Sunday, February 26, 2006

What did you eat in the war, Daddy?

Photo shows: The Dining Hall at Opicina, optional dining outside when weather permitted

I don’t remember either of my two daughters ever asking me that particular question, but this thread is about food, Army, WW2 style, and is penned while I can still remember it.

No.1 in the category of ‘Food not to die for’ must surely go to Soya Links. These were regularly part of our field rations in Italy and consisted of about nine, 1”x 6” rectangular monsters packed in brine. You had to shake the can vigorously to dislodge them and then they would fall out with a most disgusting plop. I presume that someone must have thought that they tasted like meat but I was never to meet the gentleman concerned.

No.2 in the same category was Bully Beef. If one had the time to cook and spice it properly, then, and only then, it could be made palatable. In most cases we ate it cold from the tin, complete with its congealed fat. Having said that, I once really enjoyed it, see my story ‘Not my worst night, by any means’ (A1996860)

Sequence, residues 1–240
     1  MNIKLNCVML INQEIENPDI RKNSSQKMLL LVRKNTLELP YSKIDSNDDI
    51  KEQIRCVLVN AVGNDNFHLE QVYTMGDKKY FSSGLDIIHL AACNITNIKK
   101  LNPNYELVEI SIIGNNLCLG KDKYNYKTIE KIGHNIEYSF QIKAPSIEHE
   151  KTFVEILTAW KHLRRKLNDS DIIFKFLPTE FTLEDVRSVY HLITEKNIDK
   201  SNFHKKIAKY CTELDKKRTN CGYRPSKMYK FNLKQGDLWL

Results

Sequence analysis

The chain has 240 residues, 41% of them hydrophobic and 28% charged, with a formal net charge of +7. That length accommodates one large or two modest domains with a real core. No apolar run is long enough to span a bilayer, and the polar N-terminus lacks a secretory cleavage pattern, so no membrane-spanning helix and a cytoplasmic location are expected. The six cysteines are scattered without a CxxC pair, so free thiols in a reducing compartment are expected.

No.3 was M and V or Meat and Veg. I used to think that this was the best of the bunch until we changed coasts to join the Yanks. Our rations then changed dramatically for the better and we were to learn the delights of Spam, tasty Meat and Veg, Rice Pudding and even tinned Fruit Cocktail.

Porridge, a staple breakfast meal, was by tradition always made by the last man on guard, the one doing the 6am to 8am shift and so its quality used to vary from solid salty cement to ambrosia of the gods (that was when I made it)

Cooks used to make all the difference, of course, and I soon tumbled that the Battery cooks were never in the same league as the RHQ cooks and it would appear that COs guarded the chefs with their lives and never allowed them to be subjected to the risks that we other mortal faced.

Finally, when I switched Regiments from Light Ack to the Armoured Corps I found myself acting as cook for two tanks (in addition to my normal wireless op duties). Here I had a chance to cook right from scratch even to meat issued in bulk. I used to carve the meat into manageable chunks, quick fry the chunks using cordite for fuel and then hang the meat in a bucket of salt water from the back of the tank. Later, when we had stopped moving for at least a day I would slice the meat and re-fry it until edible.

I don’t remember anyone ever dying of food poisoning.

What other food have I forgotten and What did you eat in WW2, Daddy?

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